Stubborn Materials

June 29 – August 25, 2007
at Peter Blum Chelsea

ART IN REVIEW: In These Shows, the Material is the Message

The New York Times
August 10, 2007

by Roberta Smith

Chelsea’s summer group shows are both test sites for new ideas and polling stations for aesthetic trends. They indicate what might be seen elsewhere in the near future — in the next Whitney Biennial, for example. A few summers ago there was an outbreak of ’60s psychedelia, rainbow colors and all-around craftsiness, lots of sewing and knitting and rather twee art. Then followed a summer or so of heavy-metal boys in black.

This summer several group shows seem to say “back to basics,” starting with titles like “Stubborn Materials,” “Substance & Surface,” “Laying Bricks” and “The Lath Picture Show.” Perhaps a younger generation of artists is adding its own spin to the long-running romance with the Post-Minimalist styles of the late ’60s and early ’70s. The shift away from language and images and toward fairly raw materials is hardly new, just more pronounced.

Peter Blum

The art in “Stubborn Materials” at Peter Blum Chelsea breaks rank with the wall, the rectangle, abstraction and even the object itself. Among the show’s several newcomers, Larry Bamburg contributes a nearly invisible spinning galaxy made of tiny bits of detritus (beads, paper clips, a dead cricket) strung on monofilament from the blades of a revolving ceiling fan.

Ian Pedigo creates wall pieces and sculptures by combining found and made materials with startling grace: an old straw mat here, a red-stained cylinder of foam on a tripod of bamboo there.

Rosy Keyser, another newcomer, has a promiscuous pictorial sensibility that veers from an enamel-and-sawdust abstraction, to a fittingly obstreperous collage tribute to Robert Smithson, back to an abstract splash of silver paint that looks like frozen mercury.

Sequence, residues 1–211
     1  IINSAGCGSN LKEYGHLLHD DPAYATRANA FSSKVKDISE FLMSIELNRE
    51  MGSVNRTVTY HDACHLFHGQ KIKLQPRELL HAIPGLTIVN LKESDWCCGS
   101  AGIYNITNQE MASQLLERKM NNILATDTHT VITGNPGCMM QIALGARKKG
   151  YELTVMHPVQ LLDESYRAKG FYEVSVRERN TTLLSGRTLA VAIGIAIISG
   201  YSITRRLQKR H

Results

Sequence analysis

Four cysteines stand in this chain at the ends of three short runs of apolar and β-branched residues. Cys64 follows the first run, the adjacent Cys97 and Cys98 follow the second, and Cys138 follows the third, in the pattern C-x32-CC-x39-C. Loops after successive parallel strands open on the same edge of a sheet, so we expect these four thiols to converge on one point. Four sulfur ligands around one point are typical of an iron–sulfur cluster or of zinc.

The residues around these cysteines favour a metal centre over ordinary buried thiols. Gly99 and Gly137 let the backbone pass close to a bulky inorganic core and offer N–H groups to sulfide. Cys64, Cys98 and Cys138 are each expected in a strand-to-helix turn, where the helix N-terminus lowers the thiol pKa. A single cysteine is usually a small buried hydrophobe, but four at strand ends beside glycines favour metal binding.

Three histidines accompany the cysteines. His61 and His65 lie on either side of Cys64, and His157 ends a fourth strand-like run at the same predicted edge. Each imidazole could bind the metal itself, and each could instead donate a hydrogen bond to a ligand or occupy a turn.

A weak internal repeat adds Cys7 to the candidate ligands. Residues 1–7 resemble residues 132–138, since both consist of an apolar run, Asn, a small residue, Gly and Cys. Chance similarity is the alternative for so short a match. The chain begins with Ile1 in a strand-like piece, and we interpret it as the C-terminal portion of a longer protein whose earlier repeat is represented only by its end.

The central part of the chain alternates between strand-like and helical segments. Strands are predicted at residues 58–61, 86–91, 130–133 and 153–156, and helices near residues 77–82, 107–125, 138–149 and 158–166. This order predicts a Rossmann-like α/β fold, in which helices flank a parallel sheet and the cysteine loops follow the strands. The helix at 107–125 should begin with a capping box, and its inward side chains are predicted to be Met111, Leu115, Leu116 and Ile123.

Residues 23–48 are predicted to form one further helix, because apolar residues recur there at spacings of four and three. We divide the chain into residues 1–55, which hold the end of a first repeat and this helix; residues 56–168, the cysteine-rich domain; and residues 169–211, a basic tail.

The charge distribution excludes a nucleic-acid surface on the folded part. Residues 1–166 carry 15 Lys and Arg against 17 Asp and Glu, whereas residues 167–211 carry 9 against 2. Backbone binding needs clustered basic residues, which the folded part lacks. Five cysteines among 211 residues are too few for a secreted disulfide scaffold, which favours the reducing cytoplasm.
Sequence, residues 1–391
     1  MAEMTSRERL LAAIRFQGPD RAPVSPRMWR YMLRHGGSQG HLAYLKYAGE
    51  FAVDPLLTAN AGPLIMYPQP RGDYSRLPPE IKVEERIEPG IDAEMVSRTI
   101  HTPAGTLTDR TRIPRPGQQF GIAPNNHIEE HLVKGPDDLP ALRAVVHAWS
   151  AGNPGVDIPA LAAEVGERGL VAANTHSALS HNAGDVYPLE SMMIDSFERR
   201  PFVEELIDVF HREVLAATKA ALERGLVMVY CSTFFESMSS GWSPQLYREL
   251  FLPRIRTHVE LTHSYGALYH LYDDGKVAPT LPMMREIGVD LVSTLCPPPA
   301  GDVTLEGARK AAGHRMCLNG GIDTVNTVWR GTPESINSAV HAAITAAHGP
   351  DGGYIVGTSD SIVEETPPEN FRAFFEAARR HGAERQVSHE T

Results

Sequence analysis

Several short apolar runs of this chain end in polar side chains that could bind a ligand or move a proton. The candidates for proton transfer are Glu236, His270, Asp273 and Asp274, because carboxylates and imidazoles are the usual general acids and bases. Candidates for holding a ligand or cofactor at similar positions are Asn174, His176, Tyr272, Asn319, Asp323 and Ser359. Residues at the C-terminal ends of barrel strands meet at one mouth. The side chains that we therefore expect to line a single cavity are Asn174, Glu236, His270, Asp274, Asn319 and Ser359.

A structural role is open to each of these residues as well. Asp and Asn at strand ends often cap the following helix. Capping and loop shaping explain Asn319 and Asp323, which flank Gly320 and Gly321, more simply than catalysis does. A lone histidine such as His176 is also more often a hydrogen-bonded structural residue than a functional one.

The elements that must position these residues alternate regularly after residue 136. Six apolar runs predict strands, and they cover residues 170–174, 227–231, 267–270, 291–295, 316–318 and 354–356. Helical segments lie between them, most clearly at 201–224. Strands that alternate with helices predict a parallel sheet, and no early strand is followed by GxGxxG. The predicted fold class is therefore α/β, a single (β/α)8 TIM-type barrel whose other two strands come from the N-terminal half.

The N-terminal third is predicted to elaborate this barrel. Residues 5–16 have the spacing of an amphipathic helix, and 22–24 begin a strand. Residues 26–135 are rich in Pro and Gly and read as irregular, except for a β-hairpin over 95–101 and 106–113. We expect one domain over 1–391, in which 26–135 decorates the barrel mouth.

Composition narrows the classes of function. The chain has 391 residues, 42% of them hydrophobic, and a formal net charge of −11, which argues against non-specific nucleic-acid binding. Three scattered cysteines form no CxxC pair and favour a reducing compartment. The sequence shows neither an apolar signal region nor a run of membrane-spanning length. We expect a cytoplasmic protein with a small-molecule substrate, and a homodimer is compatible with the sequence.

Nick Herman is even more capricious. He makes a polyurethane cast of a rock face look like bronze, constructs a duck blind with silver twigs and feathers made of magazines, and then goes over to the dark side of realistic obviousness with “Halves,” in which sculptures of the front portions of a wolf and a sheep confront each other warily.

Heather Rowe presents a mirrored wall piece that is more two-sided (and domestic) than you think, and uses more mirrors and perceptual tricks to evoke a domed pavilion from 1914 by the architect Bruno Julius Florian Taut. Jutta Koether contributes a small, shiny Minimalist triangle and a large, moody canvas that riffs on Neo-Expressionism; both black, they seem to honor the opposite poles of postwar German painting, Blinky Palermo and Anselm Kiefer.

The ever-practical Jonah Freeman and Michael Phelan make large, lustrous archival prints from scans of rumpled aluminum that are triple plays on Gerhard Richter’s work.

This smart and subtle show has been organized by Simone Subal, the gallery’s director. Full of ricochets among seemingly disparate works, it celebrates the endurance of art and beauty by emphasizing happenstance and fragility with materials that refuse to relinquish their identities.